As it turns out, rescinding our Constitution’s 2nd amendment, as I proposed in my last post, is not a new idea and not mine alone. So I am happy and relieved to say that I am in good company. None other than John Paul Stevens, retired associate justice of the U.S. Supreme Court expressed his advocacy for eliminating the 2nd amendment in a New York Times piece published March 27, 2018.
Allow me to thank my son, Rick Schultz, for researching this source.
Justice Stevens’s cogent words bring an historical perspective, explaining how we got to where we are today: far, far distant from the Founders’ reasonable expectations. I quote verbatim from the New York Times:
John Paul Stevens: Repeal the Second Amendment
March 27, 2018
Rarely in my lifetime have I seen the type of civic engagement schoolchildren and their supporters demonstrated in Washington and other major cities throughout the country this past Saturday. These demonstrations demand our respect. They reveal the broad public support for legislation to minimize the risk of mass killings of schoolchildren and others in our society.
That support is a clear sign to lawmakers to enact legislation prohibiting civilian ownership of semiautomatic weapons, increasing the minimum age to buy a gun from 18 to 21 years old, and establishing more comprehensive background checks on all purchasers of firearms. But the demonstrators should seek more effective and more lasting reform. They should demand a repeal of the Second Amendment. [boldface mine]
Concern that a national standing army might pose a threat to the security of the separate states led to the adoption of that amendment, which provides that “a well regulated militia, being necessary to the security of a free state, the right of the people to keep and bear arms, shall not be infringed.” Today that concern is a relic of the 18th century.
For over 200 years after the adoption of the Second Amendment, it was uniformly understood as not placing any limit on either federal or state authority to enact gun control legislation. In 1939 the Supreme Court unanimously held that Congress could prohibit the possession of a sawed-off shotgun because that weapon had no reasonable relation to the preservation or efficiency of a “well regulated militia.”
During the years when Warren Burger was our chief justice, from 1969 to 1986, no judge, federal or state, as far as I am aware, expressed any doubt as to the limited coverage of that amendment. When organizations like the National Rifle Association disagreed with that position and began their campaign claiming that federal regulation of firearms curtailed Second Amendment rights, Chief Justice Burger publicly characterized the N.R.A. as perpetrating “one of the greatest pieces of fraud, I repeat the word fraud, on the American public by special interest groups that I have ever seen in my lifetime.”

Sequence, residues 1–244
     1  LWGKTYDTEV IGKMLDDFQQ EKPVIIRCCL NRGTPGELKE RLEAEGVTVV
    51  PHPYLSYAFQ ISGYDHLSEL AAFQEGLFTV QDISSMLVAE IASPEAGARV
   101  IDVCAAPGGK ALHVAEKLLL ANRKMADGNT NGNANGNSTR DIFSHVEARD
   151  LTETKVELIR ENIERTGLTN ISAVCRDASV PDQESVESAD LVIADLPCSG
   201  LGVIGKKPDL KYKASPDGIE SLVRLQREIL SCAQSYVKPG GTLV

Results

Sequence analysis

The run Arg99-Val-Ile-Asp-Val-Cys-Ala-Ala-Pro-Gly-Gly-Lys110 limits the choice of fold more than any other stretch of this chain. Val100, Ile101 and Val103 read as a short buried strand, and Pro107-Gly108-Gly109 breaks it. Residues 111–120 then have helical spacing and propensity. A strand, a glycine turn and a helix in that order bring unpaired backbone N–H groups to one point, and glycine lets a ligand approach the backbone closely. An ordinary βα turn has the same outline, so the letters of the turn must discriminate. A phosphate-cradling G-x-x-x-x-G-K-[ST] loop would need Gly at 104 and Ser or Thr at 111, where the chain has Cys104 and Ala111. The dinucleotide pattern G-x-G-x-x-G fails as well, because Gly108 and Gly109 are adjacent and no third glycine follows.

In 2008, the Supreme Court overturned Chief Justice Burger’s and others’ long-settled understanding of the Second Amendment’s limited reach by ruling, in District of Columbia v. Heller, that there was an individual right to bear arms. I was among the four dissenters.
That decision — which I remain convinced was wrong and certainly was debatable — has provided the N.R.A. with a propaganda weapon of immense power. Overturning that decision via a constitutional amendment to get rid of the Second Amendment would be simple and would do more to weaken the N.R.A.’s ability to stymie legislative debate and block constructive gun control legislation than any other available option.
That simple but dramatic action would move Saturday’s marchers closer to their objective than any other possible reform. It would eliminate the only legal rule that protects sellers of firearms in the United States — unlike every other market in the world. It would make our schoolchildren safer than they have been since 2008 and honor the memories of the many, indeed far too many, victims of recent gun violence.
Let’s be clear. Repealing the 2nd amendment will not eliminate guns. It will, however, allow state and local governments to constructively regulate them as best suits their respective communities. Thus the issue of what the Founders meant will be moot forever. People will still be able to keep a gun in their home for self defense.
In recent days well known historians Douglas Brinkley and Michael Beschloss are saying the current political discord is the scariest threat to our democracy since the pre-Civil War 1850s. Whether we talk about gun rights, Covid-19 anti-vaxxers, or Trump defeat-deniers, two themes emerge. There’s this “me-first” mentality that says my personal rights supersede the personal good of my neighbor. “You can’t make me where a mask. And not only that, but screw you and the horse you came in on.”
Second, as we mark the 20th anniversary of 9-11, the terrorist threat to America ironically no longer emanates from Al Qaeda, the Taliban, or even ordinary immigrants, but from fellow American citizens. Tragically, the national unity spawned by the 9-11 attacks has decayed to become the January 6, 2021 insurrection sacking the Capitol by our own citizens.
There are good things happening. The Me Too Movement and Black Lives Matter — once believed improbable — are fundamentally changing America for the better. Now it’s time to kill the obsolete, putrefying 2nd amendment. Let’s put a fork in it.